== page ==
Ordinary people, doing ordinary things, on an ordinary day, lost their lives in a supermarket due to a mass shooter. It’s hard to imagine that going to a store to buy your child’s birthday cake could end in your death. It did for one man. When the unthinkable happens, it frightens us all. Yet, we […]
You roll out of bed and think, “I have so much to do today!” After only a few minutes of alertness, your mind is already in overdrive. There are an infinite number of things racing through your head: are the kids awake, what meetings do I have, what should I wear, do I have time for a quick shower, etc.? You grab your coffee and check your phone. The number of emails and messages looks overwhelming. Where to begin?
More coffee! It’s too much!
You need to clear your head and take a deep breath. The To Do list is growing in your mind. Perhaps it’s time for a brain dump.
When your mind becomes worried, stress or overwhelmed, you need to clear it. Somehow, you need to take all those racing thoughts and dump them out of your head. Think of it like this. An over stuffed purse makes it hard to find anything. So what do you do? Dump out all the contents and search for what you need. Now, apply this to your brain. When it is overwhelmed with so much stuff, dump it out to find what you need.
Here is how a brain dump works:
Have a piece of paper by your phone, computer or coffee spot. Write down everything that comes to your mind to do. I actually keep a piece of paper by my computer so I can do this. Yes, there are lots of bullet points on that list, but I can check and add to it anything that comes to mind. Then I literally take those thoughts out of my head and put them on the paper. Include things that are on-going, but require some daily focus as well.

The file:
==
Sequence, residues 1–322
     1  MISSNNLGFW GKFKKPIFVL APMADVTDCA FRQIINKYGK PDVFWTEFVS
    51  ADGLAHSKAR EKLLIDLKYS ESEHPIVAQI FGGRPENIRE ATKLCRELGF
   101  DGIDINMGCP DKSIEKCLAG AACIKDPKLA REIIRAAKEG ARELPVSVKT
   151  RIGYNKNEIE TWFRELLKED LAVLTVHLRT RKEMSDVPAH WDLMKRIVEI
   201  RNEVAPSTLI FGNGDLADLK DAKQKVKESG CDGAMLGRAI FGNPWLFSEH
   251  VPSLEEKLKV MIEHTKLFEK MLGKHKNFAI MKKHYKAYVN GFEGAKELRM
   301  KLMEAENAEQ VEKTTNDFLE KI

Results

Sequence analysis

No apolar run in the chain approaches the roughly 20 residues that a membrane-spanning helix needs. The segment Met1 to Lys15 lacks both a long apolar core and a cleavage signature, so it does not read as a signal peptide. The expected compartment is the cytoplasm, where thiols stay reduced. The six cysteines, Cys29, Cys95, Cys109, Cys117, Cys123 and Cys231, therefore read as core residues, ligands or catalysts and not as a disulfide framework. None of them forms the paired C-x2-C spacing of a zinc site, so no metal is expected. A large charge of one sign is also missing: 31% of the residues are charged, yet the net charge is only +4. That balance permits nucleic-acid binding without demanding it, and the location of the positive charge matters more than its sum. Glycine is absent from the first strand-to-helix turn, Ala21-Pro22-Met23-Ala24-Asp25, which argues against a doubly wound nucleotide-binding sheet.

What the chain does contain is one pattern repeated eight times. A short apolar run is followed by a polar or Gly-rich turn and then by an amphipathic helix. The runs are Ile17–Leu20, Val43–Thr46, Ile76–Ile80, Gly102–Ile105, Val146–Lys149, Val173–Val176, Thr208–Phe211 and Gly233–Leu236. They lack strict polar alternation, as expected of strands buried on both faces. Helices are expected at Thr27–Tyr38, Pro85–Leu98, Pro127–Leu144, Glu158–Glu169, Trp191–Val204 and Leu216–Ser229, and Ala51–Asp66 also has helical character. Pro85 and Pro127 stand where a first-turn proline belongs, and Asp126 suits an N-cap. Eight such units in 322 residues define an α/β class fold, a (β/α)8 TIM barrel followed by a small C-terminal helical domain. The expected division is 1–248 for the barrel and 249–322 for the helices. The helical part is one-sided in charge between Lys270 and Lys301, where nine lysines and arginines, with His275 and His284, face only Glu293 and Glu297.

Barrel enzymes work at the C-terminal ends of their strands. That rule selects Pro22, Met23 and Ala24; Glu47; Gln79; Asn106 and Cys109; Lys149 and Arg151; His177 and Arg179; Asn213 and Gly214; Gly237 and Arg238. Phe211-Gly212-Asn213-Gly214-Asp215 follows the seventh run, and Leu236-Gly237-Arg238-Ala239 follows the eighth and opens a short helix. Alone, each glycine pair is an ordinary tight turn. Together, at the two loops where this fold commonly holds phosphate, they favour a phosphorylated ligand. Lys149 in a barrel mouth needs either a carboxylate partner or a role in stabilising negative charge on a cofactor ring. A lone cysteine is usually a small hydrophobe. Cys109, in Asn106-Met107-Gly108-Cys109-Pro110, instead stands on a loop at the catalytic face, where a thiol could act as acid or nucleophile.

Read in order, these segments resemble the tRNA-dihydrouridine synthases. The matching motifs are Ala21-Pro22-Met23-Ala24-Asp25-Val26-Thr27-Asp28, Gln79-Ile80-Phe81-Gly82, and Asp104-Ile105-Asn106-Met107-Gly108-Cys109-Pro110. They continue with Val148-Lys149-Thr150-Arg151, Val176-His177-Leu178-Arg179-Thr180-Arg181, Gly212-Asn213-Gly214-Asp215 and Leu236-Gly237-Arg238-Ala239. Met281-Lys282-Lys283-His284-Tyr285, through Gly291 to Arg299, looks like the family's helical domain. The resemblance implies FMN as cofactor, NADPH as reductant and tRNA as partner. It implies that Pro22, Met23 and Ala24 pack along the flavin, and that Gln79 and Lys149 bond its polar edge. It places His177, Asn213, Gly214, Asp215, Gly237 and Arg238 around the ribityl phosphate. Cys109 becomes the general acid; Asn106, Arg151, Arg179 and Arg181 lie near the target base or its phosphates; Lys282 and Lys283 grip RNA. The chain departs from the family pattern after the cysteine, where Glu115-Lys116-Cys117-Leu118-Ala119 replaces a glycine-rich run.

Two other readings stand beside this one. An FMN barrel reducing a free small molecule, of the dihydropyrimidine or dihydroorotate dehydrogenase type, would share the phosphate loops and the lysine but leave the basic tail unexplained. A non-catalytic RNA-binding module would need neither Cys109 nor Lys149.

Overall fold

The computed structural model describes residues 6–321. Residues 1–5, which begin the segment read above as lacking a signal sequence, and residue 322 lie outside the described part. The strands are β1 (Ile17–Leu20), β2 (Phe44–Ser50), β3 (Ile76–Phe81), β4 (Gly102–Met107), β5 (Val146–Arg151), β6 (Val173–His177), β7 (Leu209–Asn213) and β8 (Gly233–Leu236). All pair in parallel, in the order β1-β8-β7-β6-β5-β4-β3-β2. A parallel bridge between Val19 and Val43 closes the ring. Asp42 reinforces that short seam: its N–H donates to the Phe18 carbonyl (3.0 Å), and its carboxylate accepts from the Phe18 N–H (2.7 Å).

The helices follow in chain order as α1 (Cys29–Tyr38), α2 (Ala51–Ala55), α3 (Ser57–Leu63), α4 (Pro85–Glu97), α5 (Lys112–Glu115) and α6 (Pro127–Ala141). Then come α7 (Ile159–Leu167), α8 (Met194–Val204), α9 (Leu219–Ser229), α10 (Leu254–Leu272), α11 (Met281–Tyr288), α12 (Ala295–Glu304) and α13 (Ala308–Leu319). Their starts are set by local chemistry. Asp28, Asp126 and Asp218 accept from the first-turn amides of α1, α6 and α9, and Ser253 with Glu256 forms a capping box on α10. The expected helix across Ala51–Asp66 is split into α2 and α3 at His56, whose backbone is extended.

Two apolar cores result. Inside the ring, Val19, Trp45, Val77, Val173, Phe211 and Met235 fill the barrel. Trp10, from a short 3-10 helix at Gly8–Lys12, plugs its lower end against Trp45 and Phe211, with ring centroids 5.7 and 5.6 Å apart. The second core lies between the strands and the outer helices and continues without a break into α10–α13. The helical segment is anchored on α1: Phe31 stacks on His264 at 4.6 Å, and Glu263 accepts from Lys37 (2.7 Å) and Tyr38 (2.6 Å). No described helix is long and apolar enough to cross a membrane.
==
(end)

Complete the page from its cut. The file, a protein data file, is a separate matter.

Doing this, I free my mind from being overwhelmed. All those thoughts are now on the paper. I can sip my coffee and think clearly. In fact, it’s good to take a five to ten minute break before you even look at the list. Then look. Think priorities and what can wait for another day. Or, is there something on your list that would bring you tremendous relief if you tackled it first? Do it.
In addition, some things on my list are actually concerns that are cluttering my mind. They don’t require immediate action, but having them written down serves to remind me to pay attention later. I don’t have to ruminate on those concerns all day. They are written down to remind me. Include those concerns in your brain dump time.
And if you are fortunate like I am to look out your window and see nature, take advantage of the view. When the temps warm up, I grab my coffee and sit outside. There is something about being in nature or looking at it that calms down a driven and overthinking mind. And according to a number of studies, we get the added benefit of being more creative and less tired when we move outdoors. Something about nature revives us and lends to feeling better.
So, here are the two takeaways. Writing down worries can actually help free them from your mind. Second, nature provides the brain with relief and calm. Both are easy ways to do a brain dump. Practice them on a regular basis and you’ll be better organized, get back into a helpful routine and calm down your overthinking mind.